Examples of Non-Divisible Assets in Divorce

There are many kinds of non-divisible assets, such as:

  • Media accounts: Netflix, Spotify, and Hulu logins are an increasingly common point of contention in divorce. These accounts track user data to make recommendations and end-of-year playlists. They also can’t be split or valued. If both people want the account to preserve their viewing or listening history, at least one person is going to be disappointed.
  • Engagement rings: While engagement rings can be appraised for an objective amount, their emotional value can’t be calculated. Unless both parties agree to sell an engagement ring, determining ownership in a divorce can be tricky.
  • Artwork and heirlooms: Like engagement rings, other emotionally charged objects can be appraised but not split between two people. Determining ownership of art, antiques, and collections can be fraught if a couple acquired them together.
  • Pets: As a living thing, pets are incredibly difficult to part with in a split. If both spouses want to keep a pet, it will take significant negotiation to determine who will actually take ownership after their breakup.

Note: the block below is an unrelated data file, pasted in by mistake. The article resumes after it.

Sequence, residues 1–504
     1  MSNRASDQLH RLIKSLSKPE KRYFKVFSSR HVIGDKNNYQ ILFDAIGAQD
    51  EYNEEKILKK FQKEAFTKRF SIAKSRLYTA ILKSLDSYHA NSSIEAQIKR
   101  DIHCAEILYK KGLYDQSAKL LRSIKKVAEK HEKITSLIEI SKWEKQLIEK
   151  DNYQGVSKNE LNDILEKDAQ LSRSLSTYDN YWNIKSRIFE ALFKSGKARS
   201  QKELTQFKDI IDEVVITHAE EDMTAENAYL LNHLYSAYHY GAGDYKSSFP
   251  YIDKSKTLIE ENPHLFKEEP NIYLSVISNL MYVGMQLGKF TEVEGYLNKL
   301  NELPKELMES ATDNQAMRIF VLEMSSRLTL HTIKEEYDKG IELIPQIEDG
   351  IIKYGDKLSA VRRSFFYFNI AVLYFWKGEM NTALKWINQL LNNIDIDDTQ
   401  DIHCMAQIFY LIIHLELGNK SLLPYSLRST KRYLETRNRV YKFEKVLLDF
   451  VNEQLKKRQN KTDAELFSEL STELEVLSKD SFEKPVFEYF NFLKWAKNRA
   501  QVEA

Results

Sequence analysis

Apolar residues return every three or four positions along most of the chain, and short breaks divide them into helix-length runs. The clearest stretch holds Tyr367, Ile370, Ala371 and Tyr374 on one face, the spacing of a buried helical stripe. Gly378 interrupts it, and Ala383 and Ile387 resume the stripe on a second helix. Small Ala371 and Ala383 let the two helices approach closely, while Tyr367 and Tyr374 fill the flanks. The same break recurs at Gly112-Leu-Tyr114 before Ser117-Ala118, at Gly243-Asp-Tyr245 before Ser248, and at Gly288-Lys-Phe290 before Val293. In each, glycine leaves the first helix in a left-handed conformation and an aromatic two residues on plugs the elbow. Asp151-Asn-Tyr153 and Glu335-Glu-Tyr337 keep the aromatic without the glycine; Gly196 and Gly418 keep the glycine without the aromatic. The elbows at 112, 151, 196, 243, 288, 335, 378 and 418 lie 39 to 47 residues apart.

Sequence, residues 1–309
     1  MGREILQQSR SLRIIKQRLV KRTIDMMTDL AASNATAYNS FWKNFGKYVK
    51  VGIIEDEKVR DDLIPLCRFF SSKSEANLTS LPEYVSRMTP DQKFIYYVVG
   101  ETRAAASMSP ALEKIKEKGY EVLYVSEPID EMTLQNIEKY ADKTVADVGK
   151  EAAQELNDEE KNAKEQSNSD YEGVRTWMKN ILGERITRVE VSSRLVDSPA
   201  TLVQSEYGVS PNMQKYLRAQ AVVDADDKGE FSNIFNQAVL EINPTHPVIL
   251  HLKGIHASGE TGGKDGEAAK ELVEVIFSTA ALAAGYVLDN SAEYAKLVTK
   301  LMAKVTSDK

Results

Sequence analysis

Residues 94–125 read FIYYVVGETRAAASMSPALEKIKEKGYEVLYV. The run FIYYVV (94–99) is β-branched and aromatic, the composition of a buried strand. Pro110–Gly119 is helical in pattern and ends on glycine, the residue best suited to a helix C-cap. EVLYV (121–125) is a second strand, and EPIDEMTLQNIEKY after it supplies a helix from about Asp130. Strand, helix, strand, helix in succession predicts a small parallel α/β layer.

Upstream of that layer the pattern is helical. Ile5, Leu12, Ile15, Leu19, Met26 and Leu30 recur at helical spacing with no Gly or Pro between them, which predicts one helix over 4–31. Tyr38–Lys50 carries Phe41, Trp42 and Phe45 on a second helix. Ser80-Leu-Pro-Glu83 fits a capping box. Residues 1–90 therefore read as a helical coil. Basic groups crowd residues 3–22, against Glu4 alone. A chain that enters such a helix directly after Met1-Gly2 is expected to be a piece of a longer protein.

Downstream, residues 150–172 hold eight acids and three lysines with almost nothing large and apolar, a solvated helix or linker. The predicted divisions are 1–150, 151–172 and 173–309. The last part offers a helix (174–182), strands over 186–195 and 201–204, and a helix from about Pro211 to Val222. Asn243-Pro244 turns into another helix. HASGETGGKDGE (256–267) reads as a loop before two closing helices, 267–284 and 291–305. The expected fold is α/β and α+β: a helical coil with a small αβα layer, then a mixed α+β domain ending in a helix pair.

• RSUs: Restricted stock units are a valuable form of compensation that don’t necessarily have value until they’re fully vested. When couples split before RSUs vest, they need to determine how to value the RSUs to fairly divide their marital assets.
  • Reward points: Credit cards, hotels, and other services often award points for use. These points may not have an objective value or an easy way to reassign ownership.

Each of these types of assets has its own unique considerations. That’s why they make an equitable divorce so complicated for judges.

Ways to Divide Non-Divisible Assets Fairly

There are several ways to equitably assign non-divisible assets. However, there’s no one “right way” for every divorce. Depending on the item and your situation, you may consider solutions such as these:

Get Rid of the Item

If you’re not particularly emotionally attached to an asset, the simplest solution is to get rid of it. Selling an engagement ring or turning in reward points for cash are easy ways to streamline your divorce. However, this only works if the asset can be sold or used, and neither person wants to keep it.